Are you a first-time manager? Of all the management advice for new managers, embrace this one, first.
Don’t be fooled: Becoming a new manager is deceptively difficult.
No matter how many leadership books you’ve read or conversations you’ve had with mentors – the transition to becoming a manager is precarious.
Talk to any leader, and they’ll affirm this. “I was a terrible manager when I first started,” most will say. Myself included!
This is because the change required to be a good boss isn’t apparent from the outside looking in. You’re not truly aware of the change that’s needed in the role, until you’re actually in the role.
So what change do you need to make as a new manager? From 15,000+ people we’ve surveyed through Know Your Team and thousands of conversations with managers in our online community, the #1 consistent insight folks have shared is this:
Becoming a new manager isn’t merely a change in what you do – it’s a change in how you think.
When you become a manager, your responsibilities change and your daily schedule changes. But it’s your mindset that changes the most.
The biggest change in thinking, as a new manager, is that your best work is not you doing your best work. Your best work is creating an environment for others to do their best work.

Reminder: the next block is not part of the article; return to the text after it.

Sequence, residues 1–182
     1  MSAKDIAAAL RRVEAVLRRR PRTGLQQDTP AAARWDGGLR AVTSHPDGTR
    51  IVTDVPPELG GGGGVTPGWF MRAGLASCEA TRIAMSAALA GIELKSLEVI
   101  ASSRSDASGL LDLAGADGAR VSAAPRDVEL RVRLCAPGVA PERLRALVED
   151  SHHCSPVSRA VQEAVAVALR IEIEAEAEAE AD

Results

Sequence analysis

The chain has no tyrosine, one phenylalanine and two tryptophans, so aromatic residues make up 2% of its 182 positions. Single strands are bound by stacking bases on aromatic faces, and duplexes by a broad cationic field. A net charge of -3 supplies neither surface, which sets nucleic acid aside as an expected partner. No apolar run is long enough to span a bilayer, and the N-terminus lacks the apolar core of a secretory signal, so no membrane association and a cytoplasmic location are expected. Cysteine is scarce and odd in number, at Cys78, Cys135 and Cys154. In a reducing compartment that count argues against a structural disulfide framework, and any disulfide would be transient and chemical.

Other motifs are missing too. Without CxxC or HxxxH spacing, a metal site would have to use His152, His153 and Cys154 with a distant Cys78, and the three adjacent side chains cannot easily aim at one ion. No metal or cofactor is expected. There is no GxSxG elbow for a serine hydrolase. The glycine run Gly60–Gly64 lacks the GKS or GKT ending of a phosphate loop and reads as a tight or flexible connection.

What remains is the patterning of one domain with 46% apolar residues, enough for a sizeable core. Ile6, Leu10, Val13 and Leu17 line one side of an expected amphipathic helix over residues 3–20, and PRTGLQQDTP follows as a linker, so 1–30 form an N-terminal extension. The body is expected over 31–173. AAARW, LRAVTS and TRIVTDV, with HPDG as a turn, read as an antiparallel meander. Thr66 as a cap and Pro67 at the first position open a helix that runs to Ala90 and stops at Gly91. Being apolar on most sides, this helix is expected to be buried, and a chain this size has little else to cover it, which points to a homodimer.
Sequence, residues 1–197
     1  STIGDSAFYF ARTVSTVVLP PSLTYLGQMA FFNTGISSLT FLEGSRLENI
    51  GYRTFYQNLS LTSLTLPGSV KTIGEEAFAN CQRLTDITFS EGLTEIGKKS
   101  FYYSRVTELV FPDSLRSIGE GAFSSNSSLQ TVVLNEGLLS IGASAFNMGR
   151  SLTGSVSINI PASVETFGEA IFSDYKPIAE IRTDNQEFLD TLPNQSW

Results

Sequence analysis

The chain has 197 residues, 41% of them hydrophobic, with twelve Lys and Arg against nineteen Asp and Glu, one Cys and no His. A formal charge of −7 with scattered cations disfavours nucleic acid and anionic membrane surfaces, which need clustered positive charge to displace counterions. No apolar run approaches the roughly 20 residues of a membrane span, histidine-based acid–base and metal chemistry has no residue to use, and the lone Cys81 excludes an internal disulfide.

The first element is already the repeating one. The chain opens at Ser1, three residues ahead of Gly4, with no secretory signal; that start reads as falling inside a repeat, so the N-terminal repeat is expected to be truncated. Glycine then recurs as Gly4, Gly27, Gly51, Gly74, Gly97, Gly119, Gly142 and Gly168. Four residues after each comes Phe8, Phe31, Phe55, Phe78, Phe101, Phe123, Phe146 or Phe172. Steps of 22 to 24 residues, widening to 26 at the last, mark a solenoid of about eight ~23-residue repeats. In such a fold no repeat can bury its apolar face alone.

You don’t think about, “Am I moving fast enough?” Instead, you now contemplate, “Am I removing obstacles so my team can move fast enough?”
You don’t consider, “Do I know the answer to this?” Instead, you ask yourself, “What am I doing to help my team become experts and find the answer?”
Becoming a good manager starts with how you think, not what you do. Shift your mindset, and the actions follow.
This shift in mindset, while seemingly obvious, is both substantial and hard to internalize. What previously indicated “success” for you as an individual contributor doesn’t indicates success anymore.
No longer do you pat yourself on the back when someone says, “Great work” or “I love what you did here”. As a manager, the small bump of validation happens when someone says: “Now I understand,” “Thank you for listening,” or “I’m excited to work on this.” The small wins change when you’re a manager.
This shift doesn’t happen overnight. We have to disregard the prior experiences of we were rewarded for as an individual contributor. We have to reconfigure our default settings of behavior that got us to where we are now.
But if you can embrace this mindset shift as quickly as possible, your ability to become a good manager exponentially increases.
You don’t have to wait til you’re in the thick of everything, as a manager, to know what you must change.
Now you know: You must change your thinking, first.